Subsequent to the pseudo-abdication of the Shah there was a period of confusion over the leadership of the government, until the Constitution was approved by referendum in late 1979. This Constitution marked the end of “Iran[[#_ftn19|[19]]]” and the beginning of “The Islamic Republic of Iran.” The Constitution altered the Majlis[[#_ftn20|[20]]] from a “National Consultative Assembly” to the “Islamic Consultative Assembly”[[#_ftn21|[21]]]. The Constitution also had several religious articles added to it. Under Article 4, “Laws must be based on Islamic Criteria”[[#_ftn22|[22]]]. Under article 177 “The Islamic nature of the system cannot be amended or changed in the Constitution.”[[#_ftn23|[23]]]Under Article 2 the ICA “cannot enact laws against Islamic Principles” [[#_ftn24|[24]]]
Section C:
Muhammad, Ali H. "Mindsets of Iranian Citizens Pre- and Post- the 1979 Iranian Revolution." Personal interview. 20 June 2010.
The origin of this work was an Iranian guide in the Iranian city of Esfahan in July 20, 2010. There are several major values to this source. Mr. Muhammad, or “Johannes”[[#_ftn25|[25]]] was born, and lived for several years under the reign of the shah. By extension he lived through the Revolution of 1979 and has experienced the change in mindsets of civilians from the time of the shah to the post revolutionary period. Another pertinent value is Mr. Muhammad’s service in the Iranian Army during the Iran Iraq war of 1980-1988. Subsequent to the Iran-Iraq war Mr. Muhammad has been working as a tour guide for westerners as part of the governmental mandate for domestic guides with foreign tourists. The purpose of the interview conducted was to examine a primary source’s opinions on the change of the Iranian mindset over time, taking into account the Iranian revolution and the populace’s widespread support for it. Unfortunately this interview has evidently been done in a retrospective fashion allowing for the limiting confounding variable of potential mis-remembering. Additionally, as this guide was a governmental employee, and was a veteran of the Iran-Iraq war, it is likely that bias has been introduced. The second limitation however is mitigated by the fact that bias is desired from this source, as bias of the population can be used as part of what is being studied through this historical Investigation.
Ansari, Ali M. Modern Iran since 1921: the Pahlavis and after. London: Pearson Education, 2003. Print.
The origin of this source is Dr. Ali M. Ansari, a professor at St. Andrews University. He obtained his doctorate from University of London’s Oriental and African Studies Department. The purpose of this source is to provide an accurate account of Iran in the mid 1900s in order to examine the pre-revolutionary Iran. Herein lies the value of this source as well. The ability of this source to have insight into the pre-revolution Iran allows for an appropriate juxtaposition and analysis of the differences between the pre- and post-revolution Iran to take place. A limitation of this author is that he has been widely published only in the Western World, and as such could have a bias in favor of the Shah. This limitation is amplified when where he learned his history and where he teaches (United Kingdom) is noted. This bias could be mitigated by the extensive use of cited primary Persian documentary sources, Persian newspapers and journals, and secondary Persian sources.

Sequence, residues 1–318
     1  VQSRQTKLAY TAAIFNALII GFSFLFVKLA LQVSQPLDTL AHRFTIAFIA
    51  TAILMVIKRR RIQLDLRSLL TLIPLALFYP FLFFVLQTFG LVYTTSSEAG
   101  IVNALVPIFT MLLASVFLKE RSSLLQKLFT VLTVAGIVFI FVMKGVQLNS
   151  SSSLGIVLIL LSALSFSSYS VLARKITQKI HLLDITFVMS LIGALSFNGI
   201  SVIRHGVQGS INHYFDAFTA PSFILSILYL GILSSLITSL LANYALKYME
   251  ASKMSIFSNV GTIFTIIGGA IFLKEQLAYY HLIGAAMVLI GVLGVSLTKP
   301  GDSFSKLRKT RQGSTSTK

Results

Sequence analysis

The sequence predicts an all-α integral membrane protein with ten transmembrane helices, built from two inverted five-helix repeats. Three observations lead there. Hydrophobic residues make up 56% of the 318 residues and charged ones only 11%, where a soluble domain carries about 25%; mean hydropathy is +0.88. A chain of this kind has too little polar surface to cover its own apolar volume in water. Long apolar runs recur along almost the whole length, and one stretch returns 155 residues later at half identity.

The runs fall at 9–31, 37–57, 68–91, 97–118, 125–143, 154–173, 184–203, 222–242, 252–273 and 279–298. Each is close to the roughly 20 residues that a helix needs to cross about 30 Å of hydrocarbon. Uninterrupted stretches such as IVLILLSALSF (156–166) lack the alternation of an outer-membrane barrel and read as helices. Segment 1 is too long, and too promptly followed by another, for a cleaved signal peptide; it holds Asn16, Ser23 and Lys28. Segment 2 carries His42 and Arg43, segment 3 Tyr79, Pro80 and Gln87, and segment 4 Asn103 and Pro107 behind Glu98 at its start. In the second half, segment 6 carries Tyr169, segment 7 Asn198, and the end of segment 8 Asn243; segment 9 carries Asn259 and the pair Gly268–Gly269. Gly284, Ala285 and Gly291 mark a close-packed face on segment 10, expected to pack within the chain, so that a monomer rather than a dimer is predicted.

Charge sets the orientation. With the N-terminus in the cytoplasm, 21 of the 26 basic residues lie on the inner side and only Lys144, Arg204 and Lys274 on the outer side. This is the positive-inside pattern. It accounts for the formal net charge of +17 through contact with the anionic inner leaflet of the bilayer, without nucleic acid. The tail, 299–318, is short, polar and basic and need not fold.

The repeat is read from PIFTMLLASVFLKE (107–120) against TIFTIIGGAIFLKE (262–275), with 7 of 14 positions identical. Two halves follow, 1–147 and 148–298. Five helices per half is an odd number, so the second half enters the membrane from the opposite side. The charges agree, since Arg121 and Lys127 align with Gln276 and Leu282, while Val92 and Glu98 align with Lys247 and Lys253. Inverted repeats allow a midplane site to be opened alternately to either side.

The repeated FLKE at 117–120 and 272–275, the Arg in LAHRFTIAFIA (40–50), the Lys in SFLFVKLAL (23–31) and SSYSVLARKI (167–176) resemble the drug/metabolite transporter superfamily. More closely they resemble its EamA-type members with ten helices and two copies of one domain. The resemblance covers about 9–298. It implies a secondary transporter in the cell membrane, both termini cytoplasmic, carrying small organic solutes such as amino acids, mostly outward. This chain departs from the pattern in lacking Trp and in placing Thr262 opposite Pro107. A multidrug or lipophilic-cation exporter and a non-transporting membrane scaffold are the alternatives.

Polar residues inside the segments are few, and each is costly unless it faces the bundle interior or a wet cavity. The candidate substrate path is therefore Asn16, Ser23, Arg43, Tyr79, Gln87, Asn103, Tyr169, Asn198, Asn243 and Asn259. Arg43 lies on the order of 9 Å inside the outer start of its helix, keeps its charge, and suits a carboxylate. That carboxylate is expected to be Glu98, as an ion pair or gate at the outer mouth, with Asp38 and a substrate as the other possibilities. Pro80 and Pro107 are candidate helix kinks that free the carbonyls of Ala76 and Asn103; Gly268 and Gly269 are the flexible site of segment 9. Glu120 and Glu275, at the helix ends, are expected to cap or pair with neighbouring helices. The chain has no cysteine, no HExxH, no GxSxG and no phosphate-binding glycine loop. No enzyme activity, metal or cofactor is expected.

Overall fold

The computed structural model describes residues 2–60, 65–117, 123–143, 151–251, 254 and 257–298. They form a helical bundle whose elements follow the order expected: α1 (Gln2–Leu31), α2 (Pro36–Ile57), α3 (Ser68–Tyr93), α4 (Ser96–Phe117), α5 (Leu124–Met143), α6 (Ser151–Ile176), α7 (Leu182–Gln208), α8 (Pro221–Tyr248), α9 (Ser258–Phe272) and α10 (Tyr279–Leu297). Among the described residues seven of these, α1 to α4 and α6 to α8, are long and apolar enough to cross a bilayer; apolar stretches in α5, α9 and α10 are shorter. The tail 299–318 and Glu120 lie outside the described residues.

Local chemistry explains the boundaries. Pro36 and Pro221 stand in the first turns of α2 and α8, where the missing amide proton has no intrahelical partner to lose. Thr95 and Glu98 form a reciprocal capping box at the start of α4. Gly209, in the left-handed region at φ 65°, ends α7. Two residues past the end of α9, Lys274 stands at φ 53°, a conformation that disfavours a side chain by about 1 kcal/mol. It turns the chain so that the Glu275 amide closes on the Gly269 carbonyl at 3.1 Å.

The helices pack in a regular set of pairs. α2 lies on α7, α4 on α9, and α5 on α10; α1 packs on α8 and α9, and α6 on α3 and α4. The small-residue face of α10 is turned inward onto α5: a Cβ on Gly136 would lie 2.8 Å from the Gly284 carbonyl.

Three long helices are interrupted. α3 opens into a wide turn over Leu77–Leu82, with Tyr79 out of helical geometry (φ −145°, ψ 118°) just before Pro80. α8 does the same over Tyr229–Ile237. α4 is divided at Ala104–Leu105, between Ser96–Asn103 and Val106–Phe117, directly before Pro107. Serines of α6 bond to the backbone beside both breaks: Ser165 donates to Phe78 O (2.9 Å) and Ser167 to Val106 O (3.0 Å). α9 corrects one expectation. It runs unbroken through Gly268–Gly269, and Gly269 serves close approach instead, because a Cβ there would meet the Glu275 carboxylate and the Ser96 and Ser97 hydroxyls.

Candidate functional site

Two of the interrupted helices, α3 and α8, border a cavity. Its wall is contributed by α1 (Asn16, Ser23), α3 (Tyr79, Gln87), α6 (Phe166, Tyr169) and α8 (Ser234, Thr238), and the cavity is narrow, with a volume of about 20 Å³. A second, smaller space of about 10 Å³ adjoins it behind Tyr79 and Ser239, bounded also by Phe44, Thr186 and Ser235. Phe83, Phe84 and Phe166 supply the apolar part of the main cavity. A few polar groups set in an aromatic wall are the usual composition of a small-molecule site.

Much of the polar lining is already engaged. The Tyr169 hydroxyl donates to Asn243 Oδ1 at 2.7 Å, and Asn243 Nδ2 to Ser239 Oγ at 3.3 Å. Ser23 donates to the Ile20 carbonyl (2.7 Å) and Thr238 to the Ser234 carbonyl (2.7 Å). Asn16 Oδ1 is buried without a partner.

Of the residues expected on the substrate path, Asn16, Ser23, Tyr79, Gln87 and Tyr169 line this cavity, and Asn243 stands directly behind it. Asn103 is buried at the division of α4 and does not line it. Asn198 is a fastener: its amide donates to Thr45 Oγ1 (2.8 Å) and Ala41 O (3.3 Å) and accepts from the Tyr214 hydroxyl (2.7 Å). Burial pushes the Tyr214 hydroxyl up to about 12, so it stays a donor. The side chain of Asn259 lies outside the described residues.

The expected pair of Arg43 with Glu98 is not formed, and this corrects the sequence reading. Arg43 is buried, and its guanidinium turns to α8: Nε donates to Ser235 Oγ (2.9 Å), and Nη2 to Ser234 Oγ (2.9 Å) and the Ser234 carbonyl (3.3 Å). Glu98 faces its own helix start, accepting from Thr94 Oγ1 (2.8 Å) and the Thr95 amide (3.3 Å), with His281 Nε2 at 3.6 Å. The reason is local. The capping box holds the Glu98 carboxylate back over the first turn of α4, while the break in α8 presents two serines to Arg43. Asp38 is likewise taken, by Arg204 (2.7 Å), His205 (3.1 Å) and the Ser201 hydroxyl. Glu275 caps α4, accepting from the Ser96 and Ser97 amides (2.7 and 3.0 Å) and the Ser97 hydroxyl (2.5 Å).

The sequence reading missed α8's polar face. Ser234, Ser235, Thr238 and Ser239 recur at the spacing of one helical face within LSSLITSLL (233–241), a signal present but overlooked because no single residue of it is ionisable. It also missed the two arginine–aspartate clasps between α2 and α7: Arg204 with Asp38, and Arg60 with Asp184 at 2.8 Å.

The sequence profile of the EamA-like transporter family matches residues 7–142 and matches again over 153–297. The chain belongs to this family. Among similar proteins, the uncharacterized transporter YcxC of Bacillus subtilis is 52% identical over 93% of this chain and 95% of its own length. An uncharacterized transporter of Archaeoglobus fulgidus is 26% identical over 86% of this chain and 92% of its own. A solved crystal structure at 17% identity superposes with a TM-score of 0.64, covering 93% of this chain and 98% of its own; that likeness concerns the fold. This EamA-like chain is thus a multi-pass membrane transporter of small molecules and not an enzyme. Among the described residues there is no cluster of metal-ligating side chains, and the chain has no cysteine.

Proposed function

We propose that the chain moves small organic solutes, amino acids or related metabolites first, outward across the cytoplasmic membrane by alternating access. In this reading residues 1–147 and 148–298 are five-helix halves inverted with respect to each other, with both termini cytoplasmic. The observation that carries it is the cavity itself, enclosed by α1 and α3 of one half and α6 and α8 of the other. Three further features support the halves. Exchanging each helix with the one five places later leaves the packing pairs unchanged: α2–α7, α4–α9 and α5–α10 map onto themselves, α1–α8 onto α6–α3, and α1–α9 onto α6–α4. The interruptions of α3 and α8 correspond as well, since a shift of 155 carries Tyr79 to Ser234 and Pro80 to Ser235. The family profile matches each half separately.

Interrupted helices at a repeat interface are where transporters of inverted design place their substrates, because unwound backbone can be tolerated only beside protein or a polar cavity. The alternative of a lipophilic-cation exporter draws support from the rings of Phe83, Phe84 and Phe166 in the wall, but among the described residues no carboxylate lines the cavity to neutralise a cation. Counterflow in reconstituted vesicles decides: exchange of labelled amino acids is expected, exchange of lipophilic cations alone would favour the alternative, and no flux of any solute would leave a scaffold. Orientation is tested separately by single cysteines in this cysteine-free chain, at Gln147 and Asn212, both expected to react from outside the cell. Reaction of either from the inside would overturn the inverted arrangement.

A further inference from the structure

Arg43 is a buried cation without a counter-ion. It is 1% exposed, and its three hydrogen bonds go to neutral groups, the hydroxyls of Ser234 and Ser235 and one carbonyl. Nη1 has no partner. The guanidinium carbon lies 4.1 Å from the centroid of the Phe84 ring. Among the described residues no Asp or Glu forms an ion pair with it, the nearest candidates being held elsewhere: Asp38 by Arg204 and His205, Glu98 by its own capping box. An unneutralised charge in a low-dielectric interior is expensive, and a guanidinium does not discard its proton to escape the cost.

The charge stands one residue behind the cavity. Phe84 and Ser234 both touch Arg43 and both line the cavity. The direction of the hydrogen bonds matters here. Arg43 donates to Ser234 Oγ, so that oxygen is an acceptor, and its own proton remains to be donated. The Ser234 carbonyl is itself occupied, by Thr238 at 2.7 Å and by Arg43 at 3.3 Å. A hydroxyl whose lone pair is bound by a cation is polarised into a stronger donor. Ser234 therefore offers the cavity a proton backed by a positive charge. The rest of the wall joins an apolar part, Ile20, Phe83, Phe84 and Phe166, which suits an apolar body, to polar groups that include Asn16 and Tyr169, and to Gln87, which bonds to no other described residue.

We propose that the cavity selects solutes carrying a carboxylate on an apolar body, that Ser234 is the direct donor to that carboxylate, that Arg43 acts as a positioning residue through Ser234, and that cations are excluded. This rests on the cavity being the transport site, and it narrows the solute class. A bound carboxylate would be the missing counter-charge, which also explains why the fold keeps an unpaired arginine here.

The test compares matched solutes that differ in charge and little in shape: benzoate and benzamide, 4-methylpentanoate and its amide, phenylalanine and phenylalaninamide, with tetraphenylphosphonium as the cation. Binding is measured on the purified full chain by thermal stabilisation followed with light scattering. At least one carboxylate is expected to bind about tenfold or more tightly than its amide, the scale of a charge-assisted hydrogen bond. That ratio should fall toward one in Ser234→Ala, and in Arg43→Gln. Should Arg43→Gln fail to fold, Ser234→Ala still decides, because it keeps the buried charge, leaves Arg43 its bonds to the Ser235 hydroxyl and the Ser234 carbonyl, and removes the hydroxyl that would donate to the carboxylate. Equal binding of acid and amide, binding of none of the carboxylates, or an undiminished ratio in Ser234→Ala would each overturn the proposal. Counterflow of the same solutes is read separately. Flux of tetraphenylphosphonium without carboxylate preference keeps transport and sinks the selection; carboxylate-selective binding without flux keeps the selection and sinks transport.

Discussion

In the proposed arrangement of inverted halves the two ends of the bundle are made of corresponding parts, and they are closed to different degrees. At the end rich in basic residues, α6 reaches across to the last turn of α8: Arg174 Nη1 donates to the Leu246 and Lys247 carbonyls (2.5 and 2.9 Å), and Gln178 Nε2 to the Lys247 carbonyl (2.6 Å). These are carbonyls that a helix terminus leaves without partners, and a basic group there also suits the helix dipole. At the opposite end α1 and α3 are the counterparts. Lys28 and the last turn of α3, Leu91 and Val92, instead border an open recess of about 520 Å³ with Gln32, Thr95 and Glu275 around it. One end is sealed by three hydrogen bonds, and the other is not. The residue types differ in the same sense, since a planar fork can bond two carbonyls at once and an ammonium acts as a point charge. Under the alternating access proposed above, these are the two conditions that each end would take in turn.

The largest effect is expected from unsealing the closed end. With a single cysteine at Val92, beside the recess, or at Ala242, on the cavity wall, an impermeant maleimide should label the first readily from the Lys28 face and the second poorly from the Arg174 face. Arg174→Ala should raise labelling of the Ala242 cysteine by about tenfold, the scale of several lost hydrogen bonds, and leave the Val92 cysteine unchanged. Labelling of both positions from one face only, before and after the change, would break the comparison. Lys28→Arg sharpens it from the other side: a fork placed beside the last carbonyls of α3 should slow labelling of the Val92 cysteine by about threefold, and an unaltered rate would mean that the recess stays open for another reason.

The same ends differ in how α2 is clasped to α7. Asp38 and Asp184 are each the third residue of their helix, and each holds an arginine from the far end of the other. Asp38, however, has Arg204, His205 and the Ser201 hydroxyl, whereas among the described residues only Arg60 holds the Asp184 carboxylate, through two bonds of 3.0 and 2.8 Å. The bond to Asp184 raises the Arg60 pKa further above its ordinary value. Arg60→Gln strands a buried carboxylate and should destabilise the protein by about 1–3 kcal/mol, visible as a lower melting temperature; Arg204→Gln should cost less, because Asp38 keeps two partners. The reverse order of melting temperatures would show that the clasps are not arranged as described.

[[#_ftnref|[1]]] Muhammad, Ali H. "Mindsets of Iranian Citizens Pre- and Post- the 1979 Iranian Revolution." Personal interview. 20 June 2010.

[[#_ftnref|[2]]] Ansari, Ali M. Modern Iran since 1921: the Pahlavis and after. London: Pearson Education, 2003. Print. Page 114.

[[#_ftnref|[3]]] The AIOC or Anglo-Iranian Oil Company was officially changed into the NIOC or National Iranian Oil Company in 1951 by a vote of the Iranian Parliament.

[[#_ftnref|[4]]] Ayatollah Kashani was the Leader of Shiia Islam within Iran.

[[#_ftnref|[5]]] Ansari 119

[[#_ftnref|[6]]] Ibid

[[#_ftnref|[7]]] At this time Mohammed Reza.

[[#_ftnref|[8]]] Ansari 124

[[#_ftnref|[9]]] Ansari 126

[[#_ftnref|[10]]] Cleveland, William L. "The Iranian Revolution and the Resurgence of Islam." A History of the Modern Middle East. Boulder, CO: Westview, 2000. 410-35. Print.

[[#_ftnref|[11]]] Cleveland 412

[[#_ftnref|[12]]] Khomeini is the name of the official new Ayatollah, the future leader of the Iranian Revolution. Khomeini would later obtain the title: Grand Ayatollah Ruhollah Moosavi Khomeini, or Supreme Leader of Iran.

[[#_ftnref|[13]]] Cleveland 414

[[#_ftnref|[14]]] Cleveland 415

[[#_ftnref|[15]]] Ibid

[[#_ftnref|[16]]] This is a ten-day period during Muharram.

[[#_ftnref|[17]]] This “extended vacation” lasted the remainder of his life; he died in this exile in Egypt just over a year later.

[[#_ftnref|[18]]] Cleveland 417

[[#_ftnref|[19]]] Referring to the Iran governed by the Shah

[[#_ftnref|[20]]] According to Modern Iran Since 1921 this is the name for the Parliament of Iran.

[[#_ftnref|[21]]] Cleveland xi

[[#_ftnref|[22]]] "FRIDE - The Relationship between Sharia and the Rule of Law in Iran." The Relationship Between Sharia and the Rule of Law in Iran. FRIDE - Fundación Para Las Relaciones Internacionales Y El Diálogo Exterior, 8 Feb. 2006. Web. 19 July 2010. <>.

[[#_ftnref|[23]]] Ibid

[[#_ftnref|[24]]] Ibid

[[#_ftnref|[25]]] Mr. Ali Hussein Muhammad asked that he be called by the name “Johannes” while we followed him throughout our travels.